New Year's Resolution
Not so many years ago, I used to think of the New Year as a grand event, a time to look back and look forward and make plans for I didn’t know what. Bigger, faster, stronger. More. Different. Whatever. New Year’s Day put a noble face on restlessness and disappointment by calling it resolution.
I have a friend who has said over and over again that the world is perfect just the way it is.
What about that?
What if the world really is perfect? What if we are all beautiful, all the right weight, all of sound heart, all of sound mind?
What if all we do and all we give are the right things and enough?
What if we are all beautiful? What if there is no need to stand before the mirror and wonder how to get rid of this roll or that wrinkle? What if our bodies are records of the lives we have lived—and we love and respect the story?
Maybe it would be easy—easier—for the world to love us back.
My mother’s sister died on New Year’s Eve. While it was not a surprise—she had been sick for a while—it was a shock and a sorrow. I feel bad for my mom, who counted her sister among her friends. I feel bad for my aunt’s family as they mourn their matriarch. I can’t imagine what they are going through. I can’t imagine this world without my mother in it. As my heart goes out to them, I don’t want even to imagine their loss.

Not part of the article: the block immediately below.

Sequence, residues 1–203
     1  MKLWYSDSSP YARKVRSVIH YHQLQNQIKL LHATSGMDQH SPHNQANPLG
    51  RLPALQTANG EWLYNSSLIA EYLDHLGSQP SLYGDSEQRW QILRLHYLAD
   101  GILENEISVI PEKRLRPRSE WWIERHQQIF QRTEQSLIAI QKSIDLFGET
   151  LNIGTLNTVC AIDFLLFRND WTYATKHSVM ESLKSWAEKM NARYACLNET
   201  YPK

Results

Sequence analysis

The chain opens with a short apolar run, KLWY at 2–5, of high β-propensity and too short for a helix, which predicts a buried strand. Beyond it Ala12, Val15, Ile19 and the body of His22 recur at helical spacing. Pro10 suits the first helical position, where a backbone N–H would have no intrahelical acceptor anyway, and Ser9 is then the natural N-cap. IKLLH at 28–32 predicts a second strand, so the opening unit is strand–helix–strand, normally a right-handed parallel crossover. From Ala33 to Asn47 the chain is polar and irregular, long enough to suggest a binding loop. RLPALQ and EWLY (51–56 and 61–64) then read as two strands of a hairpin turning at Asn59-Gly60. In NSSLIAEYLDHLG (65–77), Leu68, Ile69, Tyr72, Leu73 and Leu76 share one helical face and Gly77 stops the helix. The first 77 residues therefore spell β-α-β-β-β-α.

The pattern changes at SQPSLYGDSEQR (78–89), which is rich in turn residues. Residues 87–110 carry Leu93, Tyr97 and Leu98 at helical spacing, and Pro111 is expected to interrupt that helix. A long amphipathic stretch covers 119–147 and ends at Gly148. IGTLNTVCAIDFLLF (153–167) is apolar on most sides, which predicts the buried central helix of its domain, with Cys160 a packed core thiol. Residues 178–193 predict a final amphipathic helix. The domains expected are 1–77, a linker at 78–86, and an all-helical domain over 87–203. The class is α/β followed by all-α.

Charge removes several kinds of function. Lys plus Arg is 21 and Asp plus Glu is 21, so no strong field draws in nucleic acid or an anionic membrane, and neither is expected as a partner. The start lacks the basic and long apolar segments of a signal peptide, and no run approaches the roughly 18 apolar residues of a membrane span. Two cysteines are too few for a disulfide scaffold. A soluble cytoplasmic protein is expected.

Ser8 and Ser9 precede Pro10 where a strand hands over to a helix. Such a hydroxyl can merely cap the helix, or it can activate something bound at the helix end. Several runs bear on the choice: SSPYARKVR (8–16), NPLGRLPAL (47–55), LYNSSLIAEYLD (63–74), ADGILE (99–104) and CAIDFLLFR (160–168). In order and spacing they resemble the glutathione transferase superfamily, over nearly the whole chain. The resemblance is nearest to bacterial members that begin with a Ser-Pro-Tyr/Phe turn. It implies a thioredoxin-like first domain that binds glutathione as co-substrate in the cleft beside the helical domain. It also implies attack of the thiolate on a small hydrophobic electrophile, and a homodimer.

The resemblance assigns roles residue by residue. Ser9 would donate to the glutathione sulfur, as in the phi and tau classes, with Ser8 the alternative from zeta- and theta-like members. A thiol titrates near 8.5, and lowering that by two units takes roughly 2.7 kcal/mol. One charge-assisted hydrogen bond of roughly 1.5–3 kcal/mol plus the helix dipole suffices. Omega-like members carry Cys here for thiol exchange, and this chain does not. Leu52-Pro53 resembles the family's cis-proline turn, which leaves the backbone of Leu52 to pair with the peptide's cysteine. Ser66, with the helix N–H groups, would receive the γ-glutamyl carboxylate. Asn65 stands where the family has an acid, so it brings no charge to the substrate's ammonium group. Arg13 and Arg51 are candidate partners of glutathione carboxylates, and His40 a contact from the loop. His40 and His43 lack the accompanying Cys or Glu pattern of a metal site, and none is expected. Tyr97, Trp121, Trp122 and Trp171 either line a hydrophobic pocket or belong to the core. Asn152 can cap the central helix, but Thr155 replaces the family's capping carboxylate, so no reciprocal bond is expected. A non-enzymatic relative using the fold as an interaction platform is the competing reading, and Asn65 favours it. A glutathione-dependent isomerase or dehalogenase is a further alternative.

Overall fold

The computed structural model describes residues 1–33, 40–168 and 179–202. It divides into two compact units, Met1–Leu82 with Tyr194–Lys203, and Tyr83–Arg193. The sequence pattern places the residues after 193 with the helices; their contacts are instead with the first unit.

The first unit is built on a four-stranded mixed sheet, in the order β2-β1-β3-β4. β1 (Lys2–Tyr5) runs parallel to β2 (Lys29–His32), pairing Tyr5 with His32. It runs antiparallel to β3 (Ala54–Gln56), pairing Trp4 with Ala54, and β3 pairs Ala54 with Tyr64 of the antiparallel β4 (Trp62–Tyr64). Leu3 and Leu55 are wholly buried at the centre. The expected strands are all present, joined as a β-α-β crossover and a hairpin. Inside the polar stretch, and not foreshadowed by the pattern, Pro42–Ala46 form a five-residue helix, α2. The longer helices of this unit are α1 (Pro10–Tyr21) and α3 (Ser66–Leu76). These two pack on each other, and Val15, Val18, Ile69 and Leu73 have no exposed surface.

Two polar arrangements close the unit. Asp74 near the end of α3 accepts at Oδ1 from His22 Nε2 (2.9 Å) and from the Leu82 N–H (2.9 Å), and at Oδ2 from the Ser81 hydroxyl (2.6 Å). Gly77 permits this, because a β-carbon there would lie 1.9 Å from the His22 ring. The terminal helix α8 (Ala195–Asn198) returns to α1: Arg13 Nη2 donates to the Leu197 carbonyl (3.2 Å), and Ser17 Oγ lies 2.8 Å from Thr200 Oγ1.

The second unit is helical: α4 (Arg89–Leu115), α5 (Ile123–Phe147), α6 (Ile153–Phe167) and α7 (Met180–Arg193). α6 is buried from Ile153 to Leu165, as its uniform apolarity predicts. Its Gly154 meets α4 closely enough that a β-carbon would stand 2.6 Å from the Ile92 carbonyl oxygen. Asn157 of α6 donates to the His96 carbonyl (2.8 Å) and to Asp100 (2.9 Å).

Thinking about what it means to lose an aunt, a sister, a mom, a grandmother, a mother-in-law, a sister-in-law, I have no desire to live in the moment. I want to live in the rocks and trees, the snow and clouds, my puppy, my daughter, the bread we toast, the keyboard through which I weave the connection between my life and others’ lives. I want to take this whole beautiful world to heart and be it.
Because what else is there?
The world, I think, craves an open heart.
My New Year’s resolution? I am resolved to see this life for the beautiful work of art that it is. To love well and expect nothing. It’s all so exquisitely good.
Thank you, Aunt Marge, for being here.